“Bail-In’s” Are Not To Be Feared – Your Decisions Are

Elliot Wave Technical Analyst & author @ Elliott Wave Trader
May 20, 2016
This past week, I read an article written by Mark O’Byrne which suggested that investors should fear the “bail-in.” Unfortunately, most do not really understand what happens during a “bail-in” scenario, so the fear regarding it seems to trump the benefits.
So, let’s begin by understanding the relationship you have with your bank, then try to explain what that means as it relates to what a “bail-in” could mean to depositors so we can then determine if it is something to fear, in and of itself.

What Is Your Relationship With Your Bank

Most Americans utilize bank accounts for the purpose of commercial expediency. We use them to pay our bills, as well as a depository for our excess funds. But, what most people do not nderstand is that when we give our money to the banks via deposits, we are actually giving that bank a loan, as we become unsecured creditors of the bank.

Yes, the money we place deposit with a bank has the legal status of a loan to the bank, and there is no security that the bank provides to us that such deposits will ever be paid back. It is no different than when we loan money to an individual, and then receive interest for the loan we provide. The main difference is that you likely know more about the financial stability of the person to whom you loan your money than the bank to whom you loan your money in the form of a deposit.

So, while many believe that they can simply walk into the bank and demand their money at any point in time, this is simply not the case. If the bank should run into financial difficulties and default, you will stand in line with the rest of the bank creditors to receive pennies on the dollar through the bankruptcy process.

Many of you are now saying to yourselves that this is not such a big issue to most American’s since the FDIC guarantees bank deposits up to $250,000 per depositor, per insured bank. So, of course, most Americans believe that their bank deposits are quite secure, since the FDIC is backstopping their unsecured status. While this belief is reasonable when individual banks run into problems due to extenuating circumstances which may cause relatively small defaults across the system, it is not a reasonable belief during times of systemic stress.

Consider that in 2009, as we were experiencing a tremendous amount of stress on the banking system as a whole, the FDIC Insurance Fund fell into a deficit of almost $21 billion. Yes, you read that right. The supposed “backstop” had a massive deficit. So, one has to consider how much you can rely upon the FDIC if we should see an even worse systemic break down than the one seen in 2008.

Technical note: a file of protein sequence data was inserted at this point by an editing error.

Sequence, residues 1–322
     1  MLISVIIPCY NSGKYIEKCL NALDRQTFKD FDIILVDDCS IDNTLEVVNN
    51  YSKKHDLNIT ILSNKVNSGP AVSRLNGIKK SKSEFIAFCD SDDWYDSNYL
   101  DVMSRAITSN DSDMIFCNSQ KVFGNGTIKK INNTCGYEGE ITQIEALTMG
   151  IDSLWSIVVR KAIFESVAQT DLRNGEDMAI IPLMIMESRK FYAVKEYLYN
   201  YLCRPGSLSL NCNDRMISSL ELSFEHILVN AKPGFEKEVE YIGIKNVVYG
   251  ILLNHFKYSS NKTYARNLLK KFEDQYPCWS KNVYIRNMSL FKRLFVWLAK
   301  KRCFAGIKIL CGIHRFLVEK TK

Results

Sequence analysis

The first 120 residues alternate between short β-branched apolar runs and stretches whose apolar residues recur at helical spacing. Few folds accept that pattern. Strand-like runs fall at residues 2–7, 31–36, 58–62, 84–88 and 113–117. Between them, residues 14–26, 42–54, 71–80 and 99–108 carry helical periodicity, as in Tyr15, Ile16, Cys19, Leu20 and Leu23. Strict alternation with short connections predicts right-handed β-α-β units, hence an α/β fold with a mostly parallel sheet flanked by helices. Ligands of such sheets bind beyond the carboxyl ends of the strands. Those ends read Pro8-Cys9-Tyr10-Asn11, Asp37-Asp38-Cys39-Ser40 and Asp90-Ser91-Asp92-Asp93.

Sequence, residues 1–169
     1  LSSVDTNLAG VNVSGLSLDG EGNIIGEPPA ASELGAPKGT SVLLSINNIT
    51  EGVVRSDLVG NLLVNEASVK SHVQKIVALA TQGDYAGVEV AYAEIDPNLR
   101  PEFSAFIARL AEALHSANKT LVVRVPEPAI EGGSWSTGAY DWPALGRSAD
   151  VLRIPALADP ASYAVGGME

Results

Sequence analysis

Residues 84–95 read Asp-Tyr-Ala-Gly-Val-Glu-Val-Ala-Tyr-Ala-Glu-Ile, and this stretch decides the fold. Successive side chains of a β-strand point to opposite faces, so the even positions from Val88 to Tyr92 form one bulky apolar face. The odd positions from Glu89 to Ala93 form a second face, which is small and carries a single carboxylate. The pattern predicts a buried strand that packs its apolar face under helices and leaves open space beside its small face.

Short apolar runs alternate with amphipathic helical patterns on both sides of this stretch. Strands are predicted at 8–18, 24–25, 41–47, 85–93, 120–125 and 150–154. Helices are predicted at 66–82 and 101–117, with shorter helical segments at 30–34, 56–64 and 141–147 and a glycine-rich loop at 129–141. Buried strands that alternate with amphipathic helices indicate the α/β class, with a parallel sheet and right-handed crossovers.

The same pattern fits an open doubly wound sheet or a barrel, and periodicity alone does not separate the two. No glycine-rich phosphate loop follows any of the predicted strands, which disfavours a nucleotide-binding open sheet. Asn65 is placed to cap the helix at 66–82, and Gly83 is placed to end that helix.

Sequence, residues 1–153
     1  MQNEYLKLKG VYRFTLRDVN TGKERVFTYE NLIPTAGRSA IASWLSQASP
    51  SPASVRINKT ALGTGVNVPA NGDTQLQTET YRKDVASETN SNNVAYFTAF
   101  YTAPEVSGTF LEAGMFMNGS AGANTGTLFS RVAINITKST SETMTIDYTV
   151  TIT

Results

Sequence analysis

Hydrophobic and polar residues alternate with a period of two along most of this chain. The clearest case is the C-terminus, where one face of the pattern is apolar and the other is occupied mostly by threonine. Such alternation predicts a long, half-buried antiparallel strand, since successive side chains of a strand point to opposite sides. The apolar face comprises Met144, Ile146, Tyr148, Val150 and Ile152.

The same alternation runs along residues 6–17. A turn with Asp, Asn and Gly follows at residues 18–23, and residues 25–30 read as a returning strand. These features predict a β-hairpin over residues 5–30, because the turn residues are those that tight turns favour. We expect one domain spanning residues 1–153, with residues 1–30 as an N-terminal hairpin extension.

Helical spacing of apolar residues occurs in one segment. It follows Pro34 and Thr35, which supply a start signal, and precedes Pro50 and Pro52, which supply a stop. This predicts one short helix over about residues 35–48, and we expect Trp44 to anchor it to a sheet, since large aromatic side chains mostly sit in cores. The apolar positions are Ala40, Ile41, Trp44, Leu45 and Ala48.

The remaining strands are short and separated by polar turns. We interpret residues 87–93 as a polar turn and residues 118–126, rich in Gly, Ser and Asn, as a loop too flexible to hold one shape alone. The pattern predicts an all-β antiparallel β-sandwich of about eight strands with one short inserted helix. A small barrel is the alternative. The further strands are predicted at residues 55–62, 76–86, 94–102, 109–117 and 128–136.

What Is A “Bail-in?”

In order to understand what a “bail-in” is, we need to go back several years to understand what happened in Cyprus.

When the financial crisis hit the Cypriot banks several years ago, which were already in a poor fiscal position after the conversion to the Euro, there was no bail out being offered by the government or the European Union (much of the reasons for which seem to have been political in nature). As a result, two of the largest banks were on the verge of closing. Ultimately, Laiki Bank had to be wound down, and the depositors of that bank lost most of their uninsured savings. However, the Bank of Cyprus, rather than wind down as well, entered into a restructuring, and utilized the cash held from depositors for the funds needed to effectuate the restructuring. The depositors were issued shares in the newly restructured bank in return for their deposits which were used for the restructuring.

So, ultimately, a “bail-in” is a restructuring of the bank, which uses depositor funds to effectuate the restructuring. The question then is if this is good or bad for those who have deposits in the particular bank at issue.

Is A “Bail-in” Bad?

Should a bank encounter insolvency, I would suggest that a depositor would be better served by bail-ins as compared to the bankruptcy option the bank would face. As a former lawyer with a significant amount of mergers and acquisitions experience, I would argue that the depositors may prefer a “bail-in” in such a scenario.

Under such extreme circumstances, a “bail-in” at least preserves the “good” assets of the bank, and gives them future hope of being able to recover more of their losses than they would have otherwise had to recognize under the bankruptcy option. The bankruptcy alternative truly leaves them nothing in their unsecured status, so providing a restructuring using a “bail-in” type of scenario places them in a better position than as a standard unsecured creditor would hold.

So, ultimately, it is not the “bail-in” which must be feared. Rather, your decision making about which bank you choose to hold your deposits is much more important. You see, you can potentially avoid a “bail-in” if you do appropriate due diligence on the bank of your choice. If you choose a bank which is not heavily leveraged, then you will likely never encounter any insolvency issues that would lead to a “bail-in.” But, if you do not choose wisely and find your deposits being held by a bank facing insolvency, then the bail-in scenario would place you in a much better position than if the bank went down the bankruptcy route.

So, choose wisely.


Avi Gilburt is a widely followed Elliott Wave technical analyst and author of ElliottWaveTrader.net, a live Trading Room featuring his intraday market analysis (including emini S&P500, metals, oil, USD & VXX), interactive member-analyst forum, and detailed library of Elliott Wave education. You can contact Avi at: [email protected].

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